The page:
I asked this on comp.arch some time ago and got some really good answers, leading off with this from Dr. Mashey:
|> I have wondered whether using all that FP space for another three or
|> four integer units and supplying hand-tuned FP libs for each model would
|> pay for itself, but I've always figured that if that could be made to
|> pay, the designers would have done it. Perhaps now that superscalar is
|> the order of the day, it'll be done soon.
1) FP hardware is there, because if you care about FP performance at
all, it is very difficult to emulate the required behavior with typical
integer operations at a reasonable speed. These days, typical
FP add/mul are ~2-3 clocks latency, with 1-cycle repeat rates.
2) There is, of course, substantial experience in the microprocessor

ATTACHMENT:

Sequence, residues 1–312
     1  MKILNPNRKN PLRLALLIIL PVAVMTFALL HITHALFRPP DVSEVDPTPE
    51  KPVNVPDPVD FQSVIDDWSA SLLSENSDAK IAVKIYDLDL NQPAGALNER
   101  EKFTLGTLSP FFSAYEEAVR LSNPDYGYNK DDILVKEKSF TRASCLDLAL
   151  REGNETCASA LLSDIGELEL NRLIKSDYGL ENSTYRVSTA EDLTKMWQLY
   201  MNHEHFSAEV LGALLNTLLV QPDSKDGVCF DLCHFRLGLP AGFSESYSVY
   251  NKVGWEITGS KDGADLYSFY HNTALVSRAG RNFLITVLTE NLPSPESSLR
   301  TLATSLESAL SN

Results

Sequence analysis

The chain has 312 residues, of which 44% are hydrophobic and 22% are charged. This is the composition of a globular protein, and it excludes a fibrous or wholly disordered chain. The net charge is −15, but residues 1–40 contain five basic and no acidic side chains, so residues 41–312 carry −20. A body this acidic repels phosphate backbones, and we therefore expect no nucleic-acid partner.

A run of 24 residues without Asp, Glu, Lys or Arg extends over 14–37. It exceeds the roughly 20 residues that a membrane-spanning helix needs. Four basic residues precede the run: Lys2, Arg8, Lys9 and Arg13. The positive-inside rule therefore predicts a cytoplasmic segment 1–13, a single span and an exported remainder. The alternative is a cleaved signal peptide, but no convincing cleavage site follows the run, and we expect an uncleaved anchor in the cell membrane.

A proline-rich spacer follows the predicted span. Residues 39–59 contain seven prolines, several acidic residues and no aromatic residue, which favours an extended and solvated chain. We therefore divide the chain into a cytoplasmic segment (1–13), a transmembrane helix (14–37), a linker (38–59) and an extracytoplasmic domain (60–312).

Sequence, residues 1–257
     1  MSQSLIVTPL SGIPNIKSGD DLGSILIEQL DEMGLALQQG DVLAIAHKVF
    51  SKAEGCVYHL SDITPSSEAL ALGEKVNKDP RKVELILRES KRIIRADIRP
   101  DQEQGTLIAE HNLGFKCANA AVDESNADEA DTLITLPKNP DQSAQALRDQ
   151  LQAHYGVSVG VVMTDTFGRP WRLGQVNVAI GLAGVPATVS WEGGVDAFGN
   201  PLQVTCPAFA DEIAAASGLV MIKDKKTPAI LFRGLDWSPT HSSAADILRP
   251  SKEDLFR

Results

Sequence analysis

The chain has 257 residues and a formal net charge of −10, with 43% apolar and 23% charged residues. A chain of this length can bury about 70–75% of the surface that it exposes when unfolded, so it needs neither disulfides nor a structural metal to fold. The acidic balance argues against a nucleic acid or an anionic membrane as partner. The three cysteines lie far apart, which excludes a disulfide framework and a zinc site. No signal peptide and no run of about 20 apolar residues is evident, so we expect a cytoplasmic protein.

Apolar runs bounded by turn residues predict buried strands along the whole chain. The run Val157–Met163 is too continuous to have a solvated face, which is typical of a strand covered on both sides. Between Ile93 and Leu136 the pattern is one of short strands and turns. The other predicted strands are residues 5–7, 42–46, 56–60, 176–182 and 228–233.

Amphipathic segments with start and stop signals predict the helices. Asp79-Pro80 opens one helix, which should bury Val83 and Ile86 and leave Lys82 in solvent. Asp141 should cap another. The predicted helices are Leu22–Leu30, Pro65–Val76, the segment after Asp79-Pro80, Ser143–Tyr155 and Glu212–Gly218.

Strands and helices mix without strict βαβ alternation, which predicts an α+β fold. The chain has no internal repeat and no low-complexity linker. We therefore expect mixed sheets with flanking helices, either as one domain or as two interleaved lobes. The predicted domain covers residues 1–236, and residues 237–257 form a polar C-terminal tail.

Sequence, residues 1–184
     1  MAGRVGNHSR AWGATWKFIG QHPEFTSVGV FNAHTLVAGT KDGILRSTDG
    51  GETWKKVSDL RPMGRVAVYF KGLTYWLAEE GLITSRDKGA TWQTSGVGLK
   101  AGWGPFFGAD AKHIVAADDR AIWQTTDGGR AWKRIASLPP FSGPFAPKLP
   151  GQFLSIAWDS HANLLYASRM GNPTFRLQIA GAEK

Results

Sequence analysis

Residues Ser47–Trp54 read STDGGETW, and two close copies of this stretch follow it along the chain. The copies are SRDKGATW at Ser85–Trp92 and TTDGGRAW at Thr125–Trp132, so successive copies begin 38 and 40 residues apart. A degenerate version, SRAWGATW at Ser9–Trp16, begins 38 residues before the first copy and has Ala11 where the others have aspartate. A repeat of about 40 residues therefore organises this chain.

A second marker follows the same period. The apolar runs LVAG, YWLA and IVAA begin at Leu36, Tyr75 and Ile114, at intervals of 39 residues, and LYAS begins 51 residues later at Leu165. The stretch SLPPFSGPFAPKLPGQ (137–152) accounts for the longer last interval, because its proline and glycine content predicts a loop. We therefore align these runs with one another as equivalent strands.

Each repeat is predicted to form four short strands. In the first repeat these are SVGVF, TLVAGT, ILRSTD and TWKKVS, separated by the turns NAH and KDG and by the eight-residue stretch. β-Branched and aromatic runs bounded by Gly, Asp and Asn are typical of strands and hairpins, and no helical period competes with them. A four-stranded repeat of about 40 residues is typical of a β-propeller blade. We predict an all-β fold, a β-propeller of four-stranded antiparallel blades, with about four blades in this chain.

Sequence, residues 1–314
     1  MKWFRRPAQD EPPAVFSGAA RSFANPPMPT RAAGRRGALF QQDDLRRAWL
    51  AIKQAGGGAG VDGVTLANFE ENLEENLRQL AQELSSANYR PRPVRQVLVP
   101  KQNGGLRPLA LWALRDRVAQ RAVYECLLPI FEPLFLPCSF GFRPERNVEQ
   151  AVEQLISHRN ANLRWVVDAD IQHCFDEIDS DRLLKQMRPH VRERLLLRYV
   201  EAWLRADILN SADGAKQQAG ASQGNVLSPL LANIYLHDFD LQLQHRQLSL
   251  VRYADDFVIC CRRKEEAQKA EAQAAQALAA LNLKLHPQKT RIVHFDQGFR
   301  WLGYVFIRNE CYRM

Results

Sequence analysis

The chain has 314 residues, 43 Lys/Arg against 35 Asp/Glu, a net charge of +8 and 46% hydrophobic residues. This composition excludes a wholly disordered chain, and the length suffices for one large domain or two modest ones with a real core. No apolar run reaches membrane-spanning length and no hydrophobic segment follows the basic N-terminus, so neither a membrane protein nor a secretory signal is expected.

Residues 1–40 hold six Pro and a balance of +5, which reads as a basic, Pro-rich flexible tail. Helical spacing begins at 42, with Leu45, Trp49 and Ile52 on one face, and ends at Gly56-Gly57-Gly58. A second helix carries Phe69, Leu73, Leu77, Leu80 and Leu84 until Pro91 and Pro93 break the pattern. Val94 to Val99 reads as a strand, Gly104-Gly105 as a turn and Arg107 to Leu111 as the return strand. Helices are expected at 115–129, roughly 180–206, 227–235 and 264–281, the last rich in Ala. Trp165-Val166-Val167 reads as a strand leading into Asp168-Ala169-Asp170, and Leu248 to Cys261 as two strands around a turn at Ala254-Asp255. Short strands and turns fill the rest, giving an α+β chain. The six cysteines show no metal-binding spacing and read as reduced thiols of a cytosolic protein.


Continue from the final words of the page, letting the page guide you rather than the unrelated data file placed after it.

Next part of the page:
world of people supplying libraries to do FP withotu an FP unit,
for systems where FP use was expected to be infrequent, or where
the FP coprocessor wasn't yet available. This has been true for
X86s, 68KS, and MIPS, among others. In MIPS' case:
(a) There were systems with R2000s by themselves.
(b) Then there was a big coprocessor board.
(c) Finally, the R2010 FPU came out, and fairly rapidly, most
systems had both R2000 & R2010. In the embedded markets, there
are many uses for CPUs without FPUs still.
3) Put another way: to any competitors: it is really a cool idea to
drop the hardware FP and emulate via integer ops :-)